I haven’t had too much trouble with baking things since we moved to high altitude. Boiling beans, that’s another story, but at least in terms of baking, I didn’t notice much of a difference. The only thing that has caused a problem so far is pizza crust. The kind I used to make back at sea level just didn’t work a mile in the sky. The first time I tried it, it was doughy and gross. It might have worked if I’d just baked it longer, but a quick Google search yielded another recipe that was delicious and turned out perfect every time. The major drawback to it was that it took forever to make, what with the mixing and the kneading, and the several rounds of rising. Something you kind of have to reserve for special occasions.
I decided to make it again the other night near the end of Will’s spring break. The recipe makes two pizzas, they freeze well, and Will likes to take a slice in his lunch. I thought it would be nice to have a stock of pizza in the freezer for those days when I can come up with nothing else to put in Will’s lunch sack.
Unfortunately, when I went to the bookmarked website with the delicious pizza dough, it was gone. Just gone. The recipe had vanished. I looked around for something similar but really couldn’t find anything that seemed as good. So I did my best to re-create the recipe. This is what I came up with (it takes about 1.5 to 2 hours from start to finish):
2 packets yeast
2 tsp sugar
2 cups warm water (110 degrees)
Mix yeast with sugar and warm water in a large bowl. (The water needs to be the around the right temperature or it won’t work). Let sit for approx. 10 minutes. The yeast mixture will get foamy. (If it doesn’t then you know you have a problem).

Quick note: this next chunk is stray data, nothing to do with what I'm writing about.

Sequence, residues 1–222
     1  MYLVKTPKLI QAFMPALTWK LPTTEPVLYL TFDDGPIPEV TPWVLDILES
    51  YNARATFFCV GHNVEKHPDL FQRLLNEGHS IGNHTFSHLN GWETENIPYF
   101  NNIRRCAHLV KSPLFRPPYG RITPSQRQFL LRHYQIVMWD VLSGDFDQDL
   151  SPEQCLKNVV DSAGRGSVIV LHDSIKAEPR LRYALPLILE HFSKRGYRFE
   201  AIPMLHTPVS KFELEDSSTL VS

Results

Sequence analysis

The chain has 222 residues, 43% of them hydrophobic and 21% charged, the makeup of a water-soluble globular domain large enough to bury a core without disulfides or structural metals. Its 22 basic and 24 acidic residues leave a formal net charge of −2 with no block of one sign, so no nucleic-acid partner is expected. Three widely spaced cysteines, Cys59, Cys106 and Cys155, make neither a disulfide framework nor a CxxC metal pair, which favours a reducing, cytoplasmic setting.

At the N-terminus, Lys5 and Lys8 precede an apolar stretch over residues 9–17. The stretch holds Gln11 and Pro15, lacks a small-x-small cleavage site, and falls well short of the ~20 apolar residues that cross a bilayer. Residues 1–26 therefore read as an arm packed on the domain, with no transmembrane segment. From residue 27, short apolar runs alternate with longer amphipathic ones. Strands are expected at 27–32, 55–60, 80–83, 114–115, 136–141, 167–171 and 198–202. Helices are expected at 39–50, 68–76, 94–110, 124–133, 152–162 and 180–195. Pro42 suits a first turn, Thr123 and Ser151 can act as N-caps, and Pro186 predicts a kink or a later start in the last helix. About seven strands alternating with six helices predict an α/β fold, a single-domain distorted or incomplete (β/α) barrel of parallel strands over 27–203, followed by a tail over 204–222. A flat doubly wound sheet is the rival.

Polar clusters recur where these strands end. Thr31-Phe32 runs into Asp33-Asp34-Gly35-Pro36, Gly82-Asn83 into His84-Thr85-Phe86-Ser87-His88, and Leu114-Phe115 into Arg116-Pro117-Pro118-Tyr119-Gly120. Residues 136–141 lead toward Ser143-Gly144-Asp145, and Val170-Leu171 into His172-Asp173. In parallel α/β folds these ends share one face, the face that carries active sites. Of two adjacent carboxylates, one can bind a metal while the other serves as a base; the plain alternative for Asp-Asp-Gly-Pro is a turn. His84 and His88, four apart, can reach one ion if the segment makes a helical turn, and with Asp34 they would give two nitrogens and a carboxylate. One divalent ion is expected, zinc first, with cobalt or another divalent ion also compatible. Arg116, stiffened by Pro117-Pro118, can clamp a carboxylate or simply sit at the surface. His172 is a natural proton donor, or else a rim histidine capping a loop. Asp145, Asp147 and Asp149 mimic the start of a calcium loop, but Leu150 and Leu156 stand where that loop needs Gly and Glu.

5-1/2 cups flour (plus more for kneading)
3 teaspoons sea salt
2-3 tablespoons olive oil
1-2 tablespoons agave nectar
Add the salt, olive oil, agave, and half the flour to the bowl of foamy yeast. With dough hook attachment on mixer, mix for 2-3 minutes (i.e, until everything is well incorporated). Then add the remaining flour and mix for another 5-7 minutes. My mixer starts making a high pitched squealing sound after the first 30 seconds, so, this is fun.
(Actually no, it is annoying, and I should probably get a new mixer).
When everything is all mixed up, take the dough out of the bowl. It will be a little bit shiny and sticky. Put it onto a floured surface and knead for 5 minutes.
Put the dough into a greased bowl. Cover with a cloth or piece of saran. Let rise for 30 minutes.
After 30 minutes, punch dough down and divide in half (I use a serrated bread knife to do the dividing). Cover again, this time with the cloth or saran separating the two halves. Let rise for another 10 minutes.
While it is rising, pre-heat oven to 425 (all the internet says 450, but I’ve had many experiences of the smoke detector going off if the oven is too hot, so I’ve calculated that 425 is about the limit) and prepare whatever veggies you are using.
After the final 10 minutes of rising, take out one of the halves and roll into a circle with a rolling pin on a floured surface. This makes for a fairly thick crust.
Sprinkle cornmeal on a pizza stone. Put the crust on the stone, top with sauce and whatever you like (I put on Dayia mozzarella, onions, peppers, mushrooms, and kalamata olives).
Bake for around 22 minutes (but you should start checking at around 18 minutes, just in case).
While the first pizza is baking, I roll out and prepare the other pizza. Because I only have 1 pizza stone, I bake them one at a time. I should probably just get another pizza stone—the second crust continues rising while the first crust is baking, so it always ends up a little bit more “deep dish” than the other. I think you can freeze the dough as well (after the 30 minute rise, I would guess), but I prefer to just make a lot of pizza at a time and freeze what we don’t eat right away. I wrap individual slices in foil before putting them in the freezer, and I can seriously just take out one of the foil wrapped pieces in the morning, put it in Will’s lunch sack, and he is perfectly happy to eat it at lunch time.
Thanks for reading.